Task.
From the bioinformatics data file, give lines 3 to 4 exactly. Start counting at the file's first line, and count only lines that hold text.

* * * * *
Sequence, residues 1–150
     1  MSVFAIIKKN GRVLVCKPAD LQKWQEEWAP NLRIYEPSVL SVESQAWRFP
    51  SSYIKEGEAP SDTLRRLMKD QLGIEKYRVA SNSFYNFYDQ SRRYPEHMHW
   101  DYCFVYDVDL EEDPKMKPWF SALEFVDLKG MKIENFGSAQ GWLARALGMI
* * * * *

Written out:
    51  SSYIKEGEAP SDTLRRLMKD QLGIEKYRVA SNSFYNFYDQ SRRYPEHMHW
   101  DYCFVYDVDL EEDPKMKPWF SALEFVDLKG MKIENFGSAQ GWLARALGMI